The seething prejudice towards all things Chinese that is seeping into Western culture via the MSM — disguised as patriotism — is insidious and has no place in American discourse. Thus, to remain silent in the face of such insipid slackness would be an unspeakable oversight.



p.s. If your mother says she loves you…. well, you know the rest.

Feb. 23, 2013 at 1:49 p.m.
West Orange, NJ

Hey Reformer, I’m not even Asian, never mind Chinese. However, I have strong family ties and I have visited many times*. Might I suggest that the comments here and elsewhere are similar because we are addressing the same issues? This really _isn’t coordinated: it’s a bunch of people who are justifiably outraged — and by the behavior of the media as much as by that of Ping Fu, Meimei Fox, Professor Erica Brindey, Evan Yares, et al. The NYT lost my respect big-time after Judy Miller’s coverage of the lead-up to the Iraq War: where was the skepticism? It was obvious what was happening — and yet not a peep. Then we have the “Science” pages — please don’t get me started.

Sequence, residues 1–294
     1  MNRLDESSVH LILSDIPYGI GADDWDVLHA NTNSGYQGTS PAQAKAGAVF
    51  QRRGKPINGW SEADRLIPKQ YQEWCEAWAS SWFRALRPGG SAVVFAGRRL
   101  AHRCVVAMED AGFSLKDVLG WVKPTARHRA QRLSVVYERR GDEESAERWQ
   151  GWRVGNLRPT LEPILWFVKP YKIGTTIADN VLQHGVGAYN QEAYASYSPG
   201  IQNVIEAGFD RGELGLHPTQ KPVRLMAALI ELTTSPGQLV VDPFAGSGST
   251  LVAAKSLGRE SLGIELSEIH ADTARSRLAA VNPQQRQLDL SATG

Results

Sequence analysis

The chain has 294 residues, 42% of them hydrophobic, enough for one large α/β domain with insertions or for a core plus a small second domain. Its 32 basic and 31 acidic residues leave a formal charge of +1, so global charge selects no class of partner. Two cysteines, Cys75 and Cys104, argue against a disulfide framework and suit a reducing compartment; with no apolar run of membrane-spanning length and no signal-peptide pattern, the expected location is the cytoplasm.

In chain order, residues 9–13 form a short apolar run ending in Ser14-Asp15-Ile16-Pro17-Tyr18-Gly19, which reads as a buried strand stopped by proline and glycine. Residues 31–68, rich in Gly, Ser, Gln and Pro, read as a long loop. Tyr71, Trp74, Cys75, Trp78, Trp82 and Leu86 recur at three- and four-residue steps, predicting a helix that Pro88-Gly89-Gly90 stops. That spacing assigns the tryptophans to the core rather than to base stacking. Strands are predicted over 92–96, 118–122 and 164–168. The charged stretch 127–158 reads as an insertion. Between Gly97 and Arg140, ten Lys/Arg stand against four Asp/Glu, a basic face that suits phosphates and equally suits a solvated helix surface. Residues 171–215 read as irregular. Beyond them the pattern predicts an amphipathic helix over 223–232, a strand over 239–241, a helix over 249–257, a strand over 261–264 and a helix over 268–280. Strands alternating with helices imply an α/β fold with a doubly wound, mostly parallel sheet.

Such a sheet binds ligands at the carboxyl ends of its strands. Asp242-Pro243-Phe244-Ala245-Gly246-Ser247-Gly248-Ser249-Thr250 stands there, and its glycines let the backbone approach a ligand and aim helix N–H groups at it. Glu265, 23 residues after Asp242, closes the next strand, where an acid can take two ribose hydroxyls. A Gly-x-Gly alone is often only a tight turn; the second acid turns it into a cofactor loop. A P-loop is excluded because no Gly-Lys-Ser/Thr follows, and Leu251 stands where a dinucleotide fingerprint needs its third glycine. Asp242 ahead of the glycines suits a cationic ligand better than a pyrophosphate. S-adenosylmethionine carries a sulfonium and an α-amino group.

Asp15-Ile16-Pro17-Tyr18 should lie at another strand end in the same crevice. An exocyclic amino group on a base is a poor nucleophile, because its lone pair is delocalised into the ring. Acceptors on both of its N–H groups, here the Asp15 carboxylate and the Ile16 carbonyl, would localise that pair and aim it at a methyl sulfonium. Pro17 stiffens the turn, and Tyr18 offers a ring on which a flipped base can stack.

*p.s. Elvis Costello sang that “They say that travel broadens the mind, till you can’t get your head out of doors.” — maybe this applies to me but I maintain that you ought to spend some time outside your own county. I think it was Eric Blair who pointed out that you cannot truly appreciate your native culture until you have seen it from the perspective of a foreigner.

——–Reformer’s comment attached here as reference. melty was replying to him——-

I’ve only read the first page of comments but many of them are very similar to the comments on Amazon. A certain community of people is very vigilant and are surprisingly coordinated in their attacks on the author and her book. Interesting.
Feb. 22, 2013 at 1:37 a.m


Feb. 24, 2013 at 10:36 p.m
West Orange, NJ

Dear Ms. Tatlow,